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Lent is a season for investing time and care in our relationship with God. Many people make extra time for daily bible reading and prayer during Lent.
The Sacred Season of Lent is a journey we undertake each year with our Lord Jesus Christ – from his public ministry through his betrayal, passion and death by crucifixion, to his resurrection and ascension to God’s right hand.
The story has its origins in history and is interwoven with rich symbolism. It is the story of our redemption from the power of evil that began in the Garden of Eden, through the Old Testament teaching on sacrifice that atones for sin and which prophets insisted had moral consequences for those seeking salvation or wholeness. Jesus Christ conquered death and sin, and we are called in the New Testament to walk in his footsteps to fulfilment and glory. In Lent, we make time to survey the wondrous Cross that makes this possible.
Easter is a time of reflection, tradition and symbolism. So, what’s the meaning behind the symbols of Easter.
Falling on the Sunday before Easter, Palm Sunday marks Jesus’ triumphant entry into Jerusalem. This is done with the distribution of palm leaves tied into crosses. It is these same crosses which are burnt the following Ash Wednesday with the ash marked on the foreheads of worshippers.
The custom of the Easter egg originated with the early Christians of Mesopotamia who stained eggs red in the memory of the blood of Christ, shed at his crucifixion. Easter eggs are common during Eastertide also because they symbolise the empty tomb of Jesus. The eggs appear to be like a stone of a tomb with a new life hatching from it. Similarly, the Easter egg is a reminder that Jesus rose from the grave and that those who believe can also experience renewal.
You may think they are a modern day tradition but parades at Easter have a long history. Early Christians wore white robes in the lead up to their baptism during Easter. People already baptised wore new clothes instead to symbolise their sharing of a new life in Christ. In Medieval Europe, churchgoers would parade led by a crucifix or an Easter candle.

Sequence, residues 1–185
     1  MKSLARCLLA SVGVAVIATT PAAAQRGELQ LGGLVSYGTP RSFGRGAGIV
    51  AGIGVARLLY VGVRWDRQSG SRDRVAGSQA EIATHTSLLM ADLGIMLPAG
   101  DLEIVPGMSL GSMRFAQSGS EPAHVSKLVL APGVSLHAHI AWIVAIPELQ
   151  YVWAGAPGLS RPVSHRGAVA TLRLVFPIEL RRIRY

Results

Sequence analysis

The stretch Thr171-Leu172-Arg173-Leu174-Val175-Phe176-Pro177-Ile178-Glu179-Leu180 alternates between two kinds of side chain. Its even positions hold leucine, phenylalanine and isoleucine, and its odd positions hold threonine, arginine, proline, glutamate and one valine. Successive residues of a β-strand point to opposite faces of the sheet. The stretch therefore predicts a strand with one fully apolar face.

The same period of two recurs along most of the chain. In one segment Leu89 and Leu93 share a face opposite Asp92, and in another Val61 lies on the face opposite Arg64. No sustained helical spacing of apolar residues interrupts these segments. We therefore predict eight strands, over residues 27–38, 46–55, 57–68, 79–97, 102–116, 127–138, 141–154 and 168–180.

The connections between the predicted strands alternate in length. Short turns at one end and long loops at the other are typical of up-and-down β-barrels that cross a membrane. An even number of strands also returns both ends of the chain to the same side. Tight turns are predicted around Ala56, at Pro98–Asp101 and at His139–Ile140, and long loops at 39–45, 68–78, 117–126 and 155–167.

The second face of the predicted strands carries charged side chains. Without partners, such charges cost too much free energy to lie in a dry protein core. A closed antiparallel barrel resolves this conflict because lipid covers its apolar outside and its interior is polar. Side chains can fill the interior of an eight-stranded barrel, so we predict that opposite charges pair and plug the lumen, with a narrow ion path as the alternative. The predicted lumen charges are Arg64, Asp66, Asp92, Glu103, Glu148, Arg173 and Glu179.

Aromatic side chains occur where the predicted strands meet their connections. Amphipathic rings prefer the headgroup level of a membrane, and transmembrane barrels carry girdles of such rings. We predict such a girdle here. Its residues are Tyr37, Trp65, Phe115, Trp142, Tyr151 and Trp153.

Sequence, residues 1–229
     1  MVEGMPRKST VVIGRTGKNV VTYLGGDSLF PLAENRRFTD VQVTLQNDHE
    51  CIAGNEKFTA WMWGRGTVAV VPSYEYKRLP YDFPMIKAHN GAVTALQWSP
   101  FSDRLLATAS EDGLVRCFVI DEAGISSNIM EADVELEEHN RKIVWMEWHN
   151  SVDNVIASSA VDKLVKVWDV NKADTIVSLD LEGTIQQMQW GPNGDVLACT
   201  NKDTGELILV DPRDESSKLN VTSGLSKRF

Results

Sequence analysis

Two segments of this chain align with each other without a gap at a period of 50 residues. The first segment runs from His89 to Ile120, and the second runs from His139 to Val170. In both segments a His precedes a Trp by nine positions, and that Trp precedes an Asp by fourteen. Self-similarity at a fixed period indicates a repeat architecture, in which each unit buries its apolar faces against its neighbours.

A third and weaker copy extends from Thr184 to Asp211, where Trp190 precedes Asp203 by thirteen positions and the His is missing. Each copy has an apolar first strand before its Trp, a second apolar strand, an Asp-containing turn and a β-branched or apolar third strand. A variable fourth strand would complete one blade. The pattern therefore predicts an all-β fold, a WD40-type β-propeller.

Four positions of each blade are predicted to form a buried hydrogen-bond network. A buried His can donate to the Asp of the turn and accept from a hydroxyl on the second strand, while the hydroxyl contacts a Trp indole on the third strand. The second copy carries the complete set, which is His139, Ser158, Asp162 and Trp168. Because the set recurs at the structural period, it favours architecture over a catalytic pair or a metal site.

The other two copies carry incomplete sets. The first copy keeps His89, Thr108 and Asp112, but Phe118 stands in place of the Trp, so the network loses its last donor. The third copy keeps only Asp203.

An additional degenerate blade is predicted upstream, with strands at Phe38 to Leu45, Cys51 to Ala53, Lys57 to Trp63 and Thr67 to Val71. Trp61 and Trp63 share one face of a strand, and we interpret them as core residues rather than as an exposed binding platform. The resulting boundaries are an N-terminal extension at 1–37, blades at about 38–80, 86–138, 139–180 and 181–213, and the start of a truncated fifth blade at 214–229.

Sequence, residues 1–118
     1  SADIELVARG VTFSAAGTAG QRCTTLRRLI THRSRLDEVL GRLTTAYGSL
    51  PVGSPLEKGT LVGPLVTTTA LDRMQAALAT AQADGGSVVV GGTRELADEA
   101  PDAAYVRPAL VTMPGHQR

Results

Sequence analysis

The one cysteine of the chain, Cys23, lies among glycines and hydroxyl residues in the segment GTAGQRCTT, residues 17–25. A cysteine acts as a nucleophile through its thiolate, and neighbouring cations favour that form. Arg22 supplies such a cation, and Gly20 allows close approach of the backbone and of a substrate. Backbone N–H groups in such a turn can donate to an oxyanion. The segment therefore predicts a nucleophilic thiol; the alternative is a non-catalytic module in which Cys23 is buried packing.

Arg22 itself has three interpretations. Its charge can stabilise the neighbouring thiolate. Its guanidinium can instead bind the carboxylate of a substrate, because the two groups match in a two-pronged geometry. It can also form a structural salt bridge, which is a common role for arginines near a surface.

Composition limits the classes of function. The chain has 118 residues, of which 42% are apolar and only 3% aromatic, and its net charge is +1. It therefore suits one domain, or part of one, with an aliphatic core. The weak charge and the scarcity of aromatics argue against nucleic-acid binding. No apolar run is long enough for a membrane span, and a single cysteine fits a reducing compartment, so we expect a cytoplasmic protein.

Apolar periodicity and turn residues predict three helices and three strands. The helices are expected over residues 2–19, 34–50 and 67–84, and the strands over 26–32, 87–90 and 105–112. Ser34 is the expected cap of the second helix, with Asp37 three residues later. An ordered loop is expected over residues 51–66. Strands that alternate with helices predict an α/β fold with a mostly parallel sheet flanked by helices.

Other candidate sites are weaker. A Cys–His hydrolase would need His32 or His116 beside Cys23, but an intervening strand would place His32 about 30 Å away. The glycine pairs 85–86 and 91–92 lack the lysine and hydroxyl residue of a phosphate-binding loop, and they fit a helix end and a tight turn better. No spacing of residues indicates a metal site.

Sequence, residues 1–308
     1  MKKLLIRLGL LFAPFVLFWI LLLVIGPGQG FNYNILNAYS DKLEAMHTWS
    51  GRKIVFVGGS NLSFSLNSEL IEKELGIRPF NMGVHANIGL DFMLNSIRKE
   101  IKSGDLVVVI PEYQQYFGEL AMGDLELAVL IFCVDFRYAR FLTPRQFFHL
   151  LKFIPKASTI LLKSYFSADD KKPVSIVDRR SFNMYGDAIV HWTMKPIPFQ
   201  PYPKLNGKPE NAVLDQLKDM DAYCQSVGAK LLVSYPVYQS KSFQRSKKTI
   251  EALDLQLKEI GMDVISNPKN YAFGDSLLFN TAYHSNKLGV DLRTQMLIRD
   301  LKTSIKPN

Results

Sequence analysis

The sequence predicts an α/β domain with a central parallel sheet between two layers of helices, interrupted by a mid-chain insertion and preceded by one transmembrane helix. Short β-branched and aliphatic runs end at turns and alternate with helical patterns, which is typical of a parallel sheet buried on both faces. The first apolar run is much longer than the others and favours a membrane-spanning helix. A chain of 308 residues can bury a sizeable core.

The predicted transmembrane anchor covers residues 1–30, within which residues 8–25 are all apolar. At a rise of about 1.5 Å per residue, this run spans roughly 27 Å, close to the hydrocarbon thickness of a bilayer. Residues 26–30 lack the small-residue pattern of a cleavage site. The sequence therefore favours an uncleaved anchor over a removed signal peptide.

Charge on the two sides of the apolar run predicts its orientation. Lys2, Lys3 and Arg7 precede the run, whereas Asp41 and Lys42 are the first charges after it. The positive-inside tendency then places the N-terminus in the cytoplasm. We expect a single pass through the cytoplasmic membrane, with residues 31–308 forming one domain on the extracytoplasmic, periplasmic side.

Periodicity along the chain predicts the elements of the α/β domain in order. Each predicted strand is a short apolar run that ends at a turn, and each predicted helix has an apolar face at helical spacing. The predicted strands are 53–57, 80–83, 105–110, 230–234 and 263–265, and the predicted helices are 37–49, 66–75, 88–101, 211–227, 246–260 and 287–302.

An Easter bonnet represents the tail-end of a tradition of wearing new clothes at Easter representing the renewal of the year and the promise of spiritual renewal and redemption. The Easter bonnet was fixed in popular culture by composer Irving Berlin, who observed the Easter parade in New York City and wrote a song with the same name.
Traditionally eaten hot or toasted on Good Friday, hot cross buns are thought to pre-date Christianity. According to food historian Elizabeth David, the buns were seen by Protestant English monarchs as a dangerous Catholic belief, being baked from the consecrated dough used in making the communion wafer. Protestant England attempted to ban the sale of the buns but they were too popular. Instead, Queen Elizabeth I passed a law permitting bakeries to sell them only at Easter and Christmas.
The ancient Greeks believed that the hare was a hermaphrodite. The early Christians then associated the hare with the Virgin Mary as their hermaphroditism led to the understanding that the hare could reproduce without loss of virginity. Another legend suggests that rabbits can give birth without being pregnant, no doubt a view that arose due to the rabbit’s short gestation period and their capacity to breed when very young.
Stations of the Cross is also called Way of Sorrow or simply The Way. This is a series of artistic representations, very often sculptural. They depict Christ carrying the cross to his crucifixion in the final hours (or Passion) before he died. The devotions use the series to commemorate the Passion, often moving physically around a set of stations. The tradition as chapel devotion began with St Francis of Assisi and extended throughout the Roman Catholic Church in the medieval period. It is commonly observed in Lutheranism and amongst the Anglo-Catholic wing of Anglicanism.